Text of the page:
By Jesse Drake
Infrastructure IT doesn’t grab a lot of attention. Back-end services are invariably overshadowed by the user-facing applications they underpin.
But every high-profile technology owes its existence to lower-profile platforms. Take the database. Nothing would be on the internet without one, and without database management, University applications simply wouldn't exist.
“If the database management team goes, so goes every critical application,” said Brad Millett, manager of the Data Management and Platform Support Services team. “Every enterprise application has to store its data. We provide the environment to do that.”
Millett's 11-member team comprises staff from both Information Technology Services (ITS) and University Information Technology (UIT), an organizational change in place since January 2017, all reporting to Kim Tanner, associate director of Software Platform Services.
“On the hospital and campus sides, customers are different, funding is different, and some of underlying technologies are different,” Millett said. “There are similarities and differences, but we're working towards coming together with a set of common standards.”
The combined UIT/ITS team keeps pace with the product managers they support – for example, when UIT's University Support Services (USS) sets an aggressive timeline for an application release.
“We support the back-end of PeopleSoft, so whatever USS is up to, we’re behind the scenes,” said Technical Lead Rob Birskinshaw. “While we may not be the ones you typically hear about with all these upgrades, we’re involved, playing a very central role.”
Highly visible projects to which the team contributed include the recent Kronos migration, PeopleSoft 9.2 Financial Management System upgrade, the jump from the AIX operating system to Linux during the last fiscal year, an upgrade on two major versions of EPIC this past May, and consolidating Oracle's data warehouses and application databases at the hospital.
The team’s overall technical focus is supporting and leveraging database management systems (DBMSs) like InterSystems Caché (hospital), Oracle, Microsoft SQL Server, and MySQL (campus). DBMSs are essentially the intermediary between the end user and underlying database, supporting campus- and hospital-side application development, research initiatives, and business processes. They run on everything from small Windows Virtual Machines to large “Big Iron” mainframes and broad Linux clusters – systems as small as 100MB to some as large as 35TB.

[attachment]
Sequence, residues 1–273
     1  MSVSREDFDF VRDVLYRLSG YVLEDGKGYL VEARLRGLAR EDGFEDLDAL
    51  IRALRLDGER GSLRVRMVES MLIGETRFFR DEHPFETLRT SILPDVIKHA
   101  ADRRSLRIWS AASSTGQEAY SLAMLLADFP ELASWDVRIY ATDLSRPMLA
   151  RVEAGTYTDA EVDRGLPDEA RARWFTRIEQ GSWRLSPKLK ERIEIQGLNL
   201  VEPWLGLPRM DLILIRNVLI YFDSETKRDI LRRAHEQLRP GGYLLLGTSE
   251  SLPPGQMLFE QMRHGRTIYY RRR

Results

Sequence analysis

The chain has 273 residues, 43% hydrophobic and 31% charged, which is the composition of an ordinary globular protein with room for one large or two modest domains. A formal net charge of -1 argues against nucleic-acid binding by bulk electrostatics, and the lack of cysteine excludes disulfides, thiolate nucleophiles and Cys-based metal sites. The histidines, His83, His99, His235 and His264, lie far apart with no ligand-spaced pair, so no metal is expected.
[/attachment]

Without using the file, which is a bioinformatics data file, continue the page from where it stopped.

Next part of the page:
Data security is also a major component of DBMSs. Database management is at the front lines of cybersecurity – two disciplines no longer seen as mutually exclusive.
“Technology is always changing, the architecture changes, which affects how we do our jobs and how we respond to threats, too,” said Technical Lead Dion Contreras. “It’s challenging that way.”
While there is no such thing as a “typical” work week, much of the team's activity centers around reviewing logs, emails, and alerts daily to ensure that systems are running correctly. Team members review tickets to make sure they're keeping up with service requests, in addition to working, collaborating, and mentoring with other team members to keep everyone current on different DB technologies. They also work on projects as assigned, as well as study, test, and investigate ways to improve internal systems, processes, and procedures.
In addition to technical leads Birskinshaw and Contreras, who act as supervisors between the management and technical teams, the rest of the team members are database administrators, levels 1-3. These designations are platform-agnostic; DBAs don't exclusively work with only Oracle or MySQL, rather, it's a title based on progression. DBA 1s are entry-level staff who focus on more operational tasks, while 2s and 3s act more independently, leading projects and representing the team. Certifications are always integral to advancement. Several members are certified in MSQL server, Oracle and EPIC, as well.
“As much as possible, we try to promote from within,” Millett said. “Our goal is to hire high-performing individuals who have great talent, potential, personalities, work ethic, and character traits, then train them up on our database technologies, versus someone with years and years of database experience but we’re not sure how well they’ll blend with the team. In that regard, I can say we've truly been successful. I work with a great group of people.”